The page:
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There’s a big difference between Social Security Disability Insurance (SSDI) and Supplement Security Income (SSI). That’s why it’s important to know what qualifies a Charleston resident to such benefits. Having more information about the application process empowers individuals to seek aid on their own without the assistance of a family member or friend.
There is a vast difference between SSDI and SSI. SSDI is available to workers who accumulated a sufficient number of credits while working. SSI disability benefits are available for individuals who A) have never worked or B) didn’t earn enough credits when they did work to qualify for SSDI.
Both programs are overseen and managed by the Social Security Administration but they have entirely different requirements. SSI is need-based and funded by general fund taxes. It has nothing to do with work history. An individual must have less than $2,000 and a couple $3,000 in assets and a very limited income to qualify.
SSDI is based on work credits. A candidate must be younger than 65 years old and worked a certain amount to become eligible. Keep in mind this type of benefit has a five month waiting period for benefits. The amount received each month depends on a person’s earnings record, the same way Social Security retirement benefits are calculated.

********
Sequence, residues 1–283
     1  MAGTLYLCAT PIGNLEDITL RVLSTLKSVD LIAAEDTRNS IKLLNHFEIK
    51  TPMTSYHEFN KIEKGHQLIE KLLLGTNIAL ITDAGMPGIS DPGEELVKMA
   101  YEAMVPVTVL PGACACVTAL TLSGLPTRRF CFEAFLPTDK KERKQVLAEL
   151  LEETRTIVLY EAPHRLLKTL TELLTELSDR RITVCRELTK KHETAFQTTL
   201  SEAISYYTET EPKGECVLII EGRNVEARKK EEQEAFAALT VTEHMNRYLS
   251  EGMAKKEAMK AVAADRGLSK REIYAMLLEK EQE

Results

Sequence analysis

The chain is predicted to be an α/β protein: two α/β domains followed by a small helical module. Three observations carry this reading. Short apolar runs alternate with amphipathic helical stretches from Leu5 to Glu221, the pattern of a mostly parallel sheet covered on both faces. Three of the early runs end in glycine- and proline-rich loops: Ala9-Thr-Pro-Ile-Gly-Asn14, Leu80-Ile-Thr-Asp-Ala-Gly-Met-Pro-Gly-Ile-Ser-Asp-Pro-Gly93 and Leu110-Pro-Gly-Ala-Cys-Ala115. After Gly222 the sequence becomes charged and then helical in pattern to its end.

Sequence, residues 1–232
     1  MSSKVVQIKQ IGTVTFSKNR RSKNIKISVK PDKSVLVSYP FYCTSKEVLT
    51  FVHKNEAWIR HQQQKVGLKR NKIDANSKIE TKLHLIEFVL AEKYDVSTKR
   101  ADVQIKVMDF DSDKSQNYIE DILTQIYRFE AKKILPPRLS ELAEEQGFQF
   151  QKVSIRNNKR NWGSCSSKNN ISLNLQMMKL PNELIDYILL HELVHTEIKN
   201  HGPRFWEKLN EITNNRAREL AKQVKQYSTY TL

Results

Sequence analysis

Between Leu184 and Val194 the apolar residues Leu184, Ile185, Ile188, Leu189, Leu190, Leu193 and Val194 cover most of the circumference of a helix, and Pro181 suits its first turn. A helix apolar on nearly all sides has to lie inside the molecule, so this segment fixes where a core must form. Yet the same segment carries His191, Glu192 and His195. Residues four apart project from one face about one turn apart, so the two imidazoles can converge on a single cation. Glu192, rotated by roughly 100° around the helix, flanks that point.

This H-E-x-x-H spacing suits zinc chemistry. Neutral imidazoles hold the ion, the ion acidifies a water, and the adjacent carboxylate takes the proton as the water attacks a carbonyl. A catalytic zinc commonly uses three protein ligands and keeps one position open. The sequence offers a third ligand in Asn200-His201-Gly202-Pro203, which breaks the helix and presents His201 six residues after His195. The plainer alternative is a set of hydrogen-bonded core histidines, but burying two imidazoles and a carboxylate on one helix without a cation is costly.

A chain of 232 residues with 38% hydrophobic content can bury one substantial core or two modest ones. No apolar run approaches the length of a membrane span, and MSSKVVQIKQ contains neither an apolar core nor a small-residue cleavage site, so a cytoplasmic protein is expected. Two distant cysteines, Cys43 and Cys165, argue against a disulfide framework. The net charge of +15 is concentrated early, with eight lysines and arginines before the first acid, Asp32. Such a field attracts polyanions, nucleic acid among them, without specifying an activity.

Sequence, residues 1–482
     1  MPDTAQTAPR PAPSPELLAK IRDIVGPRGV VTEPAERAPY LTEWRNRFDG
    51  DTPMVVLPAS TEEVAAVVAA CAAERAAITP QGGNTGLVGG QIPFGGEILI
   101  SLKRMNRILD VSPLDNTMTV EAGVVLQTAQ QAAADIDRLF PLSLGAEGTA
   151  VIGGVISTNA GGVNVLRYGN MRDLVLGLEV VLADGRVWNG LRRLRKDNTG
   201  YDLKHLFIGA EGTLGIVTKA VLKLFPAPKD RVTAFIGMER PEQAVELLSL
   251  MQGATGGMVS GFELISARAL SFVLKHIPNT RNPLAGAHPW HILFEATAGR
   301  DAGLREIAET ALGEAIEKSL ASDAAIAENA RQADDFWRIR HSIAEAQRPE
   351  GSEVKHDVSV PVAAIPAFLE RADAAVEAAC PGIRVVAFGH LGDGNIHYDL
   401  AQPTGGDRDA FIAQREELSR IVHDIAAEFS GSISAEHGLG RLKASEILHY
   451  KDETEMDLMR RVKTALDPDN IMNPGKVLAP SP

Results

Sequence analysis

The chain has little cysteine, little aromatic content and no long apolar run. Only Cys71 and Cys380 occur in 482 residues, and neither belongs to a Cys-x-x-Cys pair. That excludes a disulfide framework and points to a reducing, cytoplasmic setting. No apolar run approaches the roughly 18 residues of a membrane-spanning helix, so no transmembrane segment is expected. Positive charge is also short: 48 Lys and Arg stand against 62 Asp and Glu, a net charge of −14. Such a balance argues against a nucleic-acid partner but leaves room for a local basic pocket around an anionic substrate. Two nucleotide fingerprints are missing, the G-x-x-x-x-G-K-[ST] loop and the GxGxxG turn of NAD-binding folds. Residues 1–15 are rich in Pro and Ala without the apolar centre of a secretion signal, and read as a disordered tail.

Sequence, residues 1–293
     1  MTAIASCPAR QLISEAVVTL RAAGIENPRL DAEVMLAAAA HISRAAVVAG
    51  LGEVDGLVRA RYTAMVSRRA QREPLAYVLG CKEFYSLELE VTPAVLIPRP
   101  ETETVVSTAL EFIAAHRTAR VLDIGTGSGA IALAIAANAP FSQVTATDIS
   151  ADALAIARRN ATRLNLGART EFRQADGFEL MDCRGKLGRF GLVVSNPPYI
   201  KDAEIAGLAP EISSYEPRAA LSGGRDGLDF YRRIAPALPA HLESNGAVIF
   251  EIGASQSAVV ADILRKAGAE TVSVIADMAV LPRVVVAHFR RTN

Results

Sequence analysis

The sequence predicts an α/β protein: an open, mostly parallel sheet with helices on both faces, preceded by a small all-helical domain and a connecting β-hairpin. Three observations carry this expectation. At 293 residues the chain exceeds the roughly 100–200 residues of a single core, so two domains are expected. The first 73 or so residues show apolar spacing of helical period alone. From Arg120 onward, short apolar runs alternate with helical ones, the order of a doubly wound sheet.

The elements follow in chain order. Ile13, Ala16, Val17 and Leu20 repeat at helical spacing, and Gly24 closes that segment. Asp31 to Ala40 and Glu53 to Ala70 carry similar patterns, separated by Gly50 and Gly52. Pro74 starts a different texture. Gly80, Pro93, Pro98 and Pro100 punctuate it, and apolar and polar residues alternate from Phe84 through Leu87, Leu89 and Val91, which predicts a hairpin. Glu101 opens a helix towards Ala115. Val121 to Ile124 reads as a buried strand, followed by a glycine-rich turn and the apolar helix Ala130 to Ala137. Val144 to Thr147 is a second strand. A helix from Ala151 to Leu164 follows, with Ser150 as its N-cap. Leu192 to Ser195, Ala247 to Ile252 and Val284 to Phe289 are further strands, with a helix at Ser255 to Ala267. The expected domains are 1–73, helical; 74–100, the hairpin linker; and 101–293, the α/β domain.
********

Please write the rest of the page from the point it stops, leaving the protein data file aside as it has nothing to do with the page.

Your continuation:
The federal standard for SSI in the city of Charleston is $733 per month for individuals and $1,100 for couples. When the cost of living increases, the benefit increases. West Virginia does not pay a state supplement for SSI. States that do, factor in how the disabled person lives. If they are cared for by others in a skilled facility, they receive more state benefits.
Now that you know the difference between Social Security Disability Insurance (SSDI) and Supplemental Security Income (SSI), you’ll know which one to apply for in Charleston, West Virginia. You’ll also know what qualifies you for either and how long you’ll wait before hearing whether or not the Social Security Administration approved your request for benefits. Scheduling a time to visit your local SSA office provides you with the opportunity to speak to someone who answers these questions regularly. If you’re not sure what to do after researching the application process, it may be best to contact them.